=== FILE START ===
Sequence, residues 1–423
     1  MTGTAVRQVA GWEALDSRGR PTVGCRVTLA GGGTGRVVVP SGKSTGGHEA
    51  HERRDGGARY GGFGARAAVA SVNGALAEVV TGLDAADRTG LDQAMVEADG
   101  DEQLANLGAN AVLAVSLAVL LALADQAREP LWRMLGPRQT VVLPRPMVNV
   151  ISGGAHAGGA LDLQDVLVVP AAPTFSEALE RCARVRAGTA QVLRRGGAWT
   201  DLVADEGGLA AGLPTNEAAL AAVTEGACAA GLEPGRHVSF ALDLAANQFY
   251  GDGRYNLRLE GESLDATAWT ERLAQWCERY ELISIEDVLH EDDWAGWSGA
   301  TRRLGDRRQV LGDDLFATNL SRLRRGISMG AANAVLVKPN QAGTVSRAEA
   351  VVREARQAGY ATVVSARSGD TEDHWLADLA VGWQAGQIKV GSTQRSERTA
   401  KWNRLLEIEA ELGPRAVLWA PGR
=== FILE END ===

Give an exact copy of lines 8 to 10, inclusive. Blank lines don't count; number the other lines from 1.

   301  TRRLGDRRQV LGDDLFATNL SRLRRGISMG AANAVLVKPN QAGTVSRAEA
   351  VVREARQAGY ATVVSARSGD TEDHWLADLA VGWQAGQIKV GSTQRSERTA
   401  KWNRLLEIEA ELGPRAVLWA PGR